The British Association tries to make science more accessible to children and teachers. Peter Briggs previews its annual conference.
Where will you find thousands of people gathering to learn more about science and its impact on our lives? Next week, in Sheffield, at the annual festival of the British Association for the Advancement of Science. The event, which has been taking place since 1831, provides a unique learning opportunity for young and old across a vast swathe of scientific topics.
The theme of the core programme of more than 300 talks and discussions is "Prospering Through Science", reflecting the interests of the association's president, Sir Richard Sykes, chairman of Glaxo Wellcome. Sessions ranging from "Making money with physics" to "Agriculture in the 21st century", from "Economic forecasting" to "Making new drugs", and from "Chemistry, health and the environment" to "Mathematics and the financial world" deal with the theme in depth and breadth across the natural and social sciences, engineering, mathematics and medicine.
Already more than 1,500 students from Years 11 to 13 have signed up to attend, but there is room for more. The festival also provides HE students and professional scientists the chance to broaden their horizons by finding out what is happening in other disciplines. Teachers can up-date themselves and discover topics that bring the curriculum to life. Members of the public can learn about key science-based issues.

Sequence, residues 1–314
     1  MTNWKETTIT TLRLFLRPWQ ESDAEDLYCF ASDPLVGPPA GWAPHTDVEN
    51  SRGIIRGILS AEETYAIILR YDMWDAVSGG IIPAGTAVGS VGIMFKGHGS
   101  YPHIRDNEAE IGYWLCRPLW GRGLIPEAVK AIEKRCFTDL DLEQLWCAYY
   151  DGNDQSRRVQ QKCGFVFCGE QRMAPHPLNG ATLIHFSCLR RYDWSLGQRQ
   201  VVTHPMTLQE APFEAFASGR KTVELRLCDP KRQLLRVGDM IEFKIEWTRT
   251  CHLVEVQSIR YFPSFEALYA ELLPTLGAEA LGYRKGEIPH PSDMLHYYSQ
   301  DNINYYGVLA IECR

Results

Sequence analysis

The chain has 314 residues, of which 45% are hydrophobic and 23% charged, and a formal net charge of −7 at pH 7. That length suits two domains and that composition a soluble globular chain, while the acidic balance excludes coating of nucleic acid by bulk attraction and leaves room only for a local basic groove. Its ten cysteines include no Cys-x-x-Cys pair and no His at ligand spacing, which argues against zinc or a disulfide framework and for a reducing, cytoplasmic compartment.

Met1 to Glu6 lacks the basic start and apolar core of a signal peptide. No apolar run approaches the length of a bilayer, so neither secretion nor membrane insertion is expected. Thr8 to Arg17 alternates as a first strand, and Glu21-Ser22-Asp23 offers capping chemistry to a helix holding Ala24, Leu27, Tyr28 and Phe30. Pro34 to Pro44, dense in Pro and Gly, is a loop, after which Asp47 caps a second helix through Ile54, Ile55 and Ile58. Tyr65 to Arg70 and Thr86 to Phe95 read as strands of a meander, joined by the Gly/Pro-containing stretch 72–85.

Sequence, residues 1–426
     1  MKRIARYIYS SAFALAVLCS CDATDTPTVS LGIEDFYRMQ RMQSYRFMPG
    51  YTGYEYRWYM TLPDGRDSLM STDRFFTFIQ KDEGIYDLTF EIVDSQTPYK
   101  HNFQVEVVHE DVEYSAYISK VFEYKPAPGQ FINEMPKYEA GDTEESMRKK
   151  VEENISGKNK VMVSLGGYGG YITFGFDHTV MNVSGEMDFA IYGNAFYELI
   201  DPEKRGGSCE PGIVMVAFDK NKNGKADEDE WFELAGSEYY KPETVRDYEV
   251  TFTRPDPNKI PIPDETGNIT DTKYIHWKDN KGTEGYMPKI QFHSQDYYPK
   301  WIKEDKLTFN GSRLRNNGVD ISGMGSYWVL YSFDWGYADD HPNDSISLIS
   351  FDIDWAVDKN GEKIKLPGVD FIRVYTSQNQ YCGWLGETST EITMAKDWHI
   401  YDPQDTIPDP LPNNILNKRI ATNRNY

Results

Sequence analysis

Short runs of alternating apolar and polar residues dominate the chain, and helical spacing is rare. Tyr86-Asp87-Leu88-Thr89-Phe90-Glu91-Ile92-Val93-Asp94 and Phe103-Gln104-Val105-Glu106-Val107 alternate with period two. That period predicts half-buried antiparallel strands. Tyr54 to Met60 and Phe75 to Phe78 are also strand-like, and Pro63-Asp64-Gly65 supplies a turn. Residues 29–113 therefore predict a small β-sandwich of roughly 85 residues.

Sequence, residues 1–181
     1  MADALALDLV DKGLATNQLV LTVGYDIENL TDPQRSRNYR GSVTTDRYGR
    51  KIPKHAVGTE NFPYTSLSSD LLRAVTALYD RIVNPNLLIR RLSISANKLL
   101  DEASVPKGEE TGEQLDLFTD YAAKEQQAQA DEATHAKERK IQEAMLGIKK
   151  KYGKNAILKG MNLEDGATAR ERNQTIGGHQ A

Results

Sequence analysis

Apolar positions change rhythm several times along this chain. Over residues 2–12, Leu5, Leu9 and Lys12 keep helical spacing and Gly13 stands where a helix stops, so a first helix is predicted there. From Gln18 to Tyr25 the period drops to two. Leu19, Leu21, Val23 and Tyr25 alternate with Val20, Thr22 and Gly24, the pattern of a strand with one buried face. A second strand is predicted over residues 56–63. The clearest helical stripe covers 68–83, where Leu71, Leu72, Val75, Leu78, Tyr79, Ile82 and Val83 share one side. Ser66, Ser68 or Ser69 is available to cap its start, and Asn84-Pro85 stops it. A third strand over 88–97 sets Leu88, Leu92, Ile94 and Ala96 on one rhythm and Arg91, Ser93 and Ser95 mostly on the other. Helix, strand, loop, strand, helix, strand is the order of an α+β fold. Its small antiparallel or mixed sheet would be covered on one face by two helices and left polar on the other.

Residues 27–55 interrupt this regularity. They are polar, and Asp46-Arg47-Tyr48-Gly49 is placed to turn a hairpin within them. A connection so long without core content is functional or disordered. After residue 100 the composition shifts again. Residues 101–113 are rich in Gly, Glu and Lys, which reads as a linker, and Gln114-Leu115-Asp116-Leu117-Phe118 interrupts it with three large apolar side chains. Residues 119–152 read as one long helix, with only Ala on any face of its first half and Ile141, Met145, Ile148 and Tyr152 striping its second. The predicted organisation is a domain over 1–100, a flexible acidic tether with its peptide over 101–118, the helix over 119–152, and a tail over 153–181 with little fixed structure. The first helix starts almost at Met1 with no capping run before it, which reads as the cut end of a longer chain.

Younger age groups are not left out. A special programme of curriculum-related, "hands-on" workshops is expected to attract more than 5,000 children aged 5 to 13. Among many activities, they will be able to encounter a musical clown who explains friction and gravity, have a close encounter with birds of prey, watch custard explode and investigate the physics of ice cream.
The festival, one of the country's largest science attractions of its kind, aims to inspire the next generation of scientists and engineers and to empower the rest of us to live with confidence in a scientific and technological world. Opportunities to participate in discussions and meet some of the UK's leading scientists are an important part of this process.
Some 139 years ago, when the association met in Oxford, TH Huxley and Bishop Samuel Wilberforce clashed over Darwin's ideas on evolution in a classic confrontation of science and religion. That debate continues, as the recent decision in Kansas to ban the teaching of evolution in schools in favour of Biblical creationism reminds us. And this year's programme is not short of controversial topics. Genetically modified organisms, future energy sources and patenting life are issues likely to spark debate.
Although it's the festival itself that often hits the headlines, the association's activities continue throughout the year. They include activity days, science clubs, award schemes and opportunities for young people to get to grips with major contemporary issues.
Peter Briggs is chief executive of the British Association for the Advancement of Science. For more information about the British Association's annual festival and other activities, phone 0171 973 3074, or consult www.britassoc.org.uk.